Perseids Meteor Shower

The Perseids Meteor Shower has been observed for around 2000 years, and are the result of Earth passing through a cloud of dust left behind Comet Swift-Tuttle. As Earth moves through this cloud, the particles fall into our atmosphere and burn up, creating spectacular streaks of light in the sky, known as meteors or shooting stars. This shower is named after the constellation Perseus, from which the meteors appear to come from in the sky. If you trace back the path of a Perseid, you will find that it appears to come from a point in the north east. The Perseids will peak this year over the next few days and, with good weather predicted for this week, it is the perfect chance to see the meteorites over Irish skies.

This year's Perseid Meteor Shower will, for the first time, be reported on live on Twitter. The Virtual Astronomer the British Astronomical Association will host the Twitter Meteorwatch. They are inviting people to use the hash tag: #Meteorwatch  when tweeting and to "get involved, ask questions, do some science, follow the event and enjoy the wonders of the night sky". Images and other information will be tweeted as it happens. Live! Everyone is welcome to join in, whether they are an astronomer, have a slight interest in the night sky or just wonder? For more information visit their website,

In other astronomy news, if you look to the westerly skies during the twilight hours you may be able to see three planets in a cluster. Mars, Venus and Saturn are forming a triangle in the early evening as you face directly west. The three planets will appear as very bright objects in the sky. On Thursday, the crescent moon will join the three planets and will provide a great opportunity for a great photo! So much to see in the night sky at the moment!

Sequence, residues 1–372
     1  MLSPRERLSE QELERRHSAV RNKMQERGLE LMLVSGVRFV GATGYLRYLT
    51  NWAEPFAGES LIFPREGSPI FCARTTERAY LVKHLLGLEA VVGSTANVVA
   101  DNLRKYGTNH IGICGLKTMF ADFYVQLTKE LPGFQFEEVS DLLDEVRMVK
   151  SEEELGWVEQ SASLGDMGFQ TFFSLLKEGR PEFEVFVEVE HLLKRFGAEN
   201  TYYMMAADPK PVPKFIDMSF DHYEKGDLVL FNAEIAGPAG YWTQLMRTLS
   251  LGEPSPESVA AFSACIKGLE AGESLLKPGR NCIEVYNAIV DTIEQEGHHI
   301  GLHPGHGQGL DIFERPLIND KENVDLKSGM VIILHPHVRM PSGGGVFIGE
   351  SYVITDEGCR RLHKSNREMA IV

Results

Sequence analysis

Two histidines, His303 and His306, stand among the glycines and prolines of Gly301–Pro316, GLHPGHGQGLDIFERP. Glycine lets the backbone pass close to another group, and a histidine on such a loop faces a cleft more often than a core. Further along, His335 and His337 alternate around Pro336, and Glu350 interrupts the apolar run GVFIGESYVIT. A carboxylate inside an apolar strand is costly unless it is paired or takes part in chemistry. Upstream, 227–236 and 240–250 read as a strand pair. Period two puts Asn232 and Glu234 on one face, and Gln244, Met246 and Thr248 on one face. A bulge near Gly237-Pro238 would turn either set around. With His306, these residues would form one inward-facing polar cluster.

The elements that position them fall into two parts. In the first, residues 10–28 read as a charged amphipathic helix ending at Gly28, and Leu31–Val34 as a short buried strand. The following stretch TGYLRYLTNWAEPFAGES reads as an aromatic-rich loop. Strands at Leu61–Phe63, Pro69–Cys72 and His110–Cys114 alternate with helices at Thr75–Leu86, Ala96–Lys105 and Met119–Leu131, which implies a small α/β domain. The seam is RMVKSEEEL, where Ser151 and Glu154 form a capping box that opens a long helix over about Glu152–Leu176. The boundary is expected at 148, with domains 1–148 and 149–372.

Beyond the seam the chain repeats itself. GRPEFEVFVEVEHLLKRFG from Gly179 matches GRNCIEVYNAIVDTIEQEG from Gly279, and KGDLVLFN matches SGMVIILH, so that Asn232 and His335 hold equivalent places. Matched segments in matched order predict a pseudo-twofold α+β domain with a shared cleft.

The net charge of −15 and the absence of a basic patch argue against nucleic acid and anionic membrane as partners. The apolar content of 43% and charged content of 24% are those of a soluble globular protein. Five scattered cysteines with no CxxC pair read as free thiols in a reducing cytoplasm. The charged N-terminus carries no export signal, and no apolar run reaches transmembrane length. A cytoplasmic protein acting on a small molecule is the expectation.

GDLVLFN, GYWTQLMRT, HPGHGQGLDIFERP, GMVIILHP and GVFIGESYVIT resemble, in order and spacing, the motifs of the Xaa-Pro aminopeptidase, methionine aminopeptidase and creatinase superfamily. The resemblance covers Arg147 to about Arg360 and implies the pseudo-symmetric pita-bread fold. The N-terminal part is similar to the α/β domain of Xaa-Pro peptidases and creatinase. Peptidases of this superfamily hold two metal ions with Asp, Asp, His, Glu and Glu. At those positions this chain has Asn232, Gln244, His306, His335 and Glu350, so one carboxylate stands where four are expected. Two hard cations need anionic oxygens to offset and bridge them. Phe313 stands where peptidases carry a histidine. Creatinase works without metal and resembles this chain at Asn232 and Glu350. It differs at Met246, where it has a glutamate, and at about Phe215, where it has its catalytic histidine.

Unknown said…
Great blog. One correction though. You say that this is the first year that the Perseid meteorwatch has been live on Twitter. In fact the first worldwide Meteorwatch was done by Newbury Astronomical Society (UK) in August 2009 - see Newbury Society are tweeting the Perseids again this year and you can follow us @newburyastro or visit for images and information.
Unknown said…
My sincere apologies! Thanks for the comments and keep up your good work. I'll be following #Meteorwatch closely!
Too bad I missed the shower. :(
Thank you for creating interest. I have not seen a pic of a meteor shower before to be honest, but after seeing this one I have spent hours looking at pics of showers on the internet and I certainly won't miss the next one.
Best regards

Popular Posts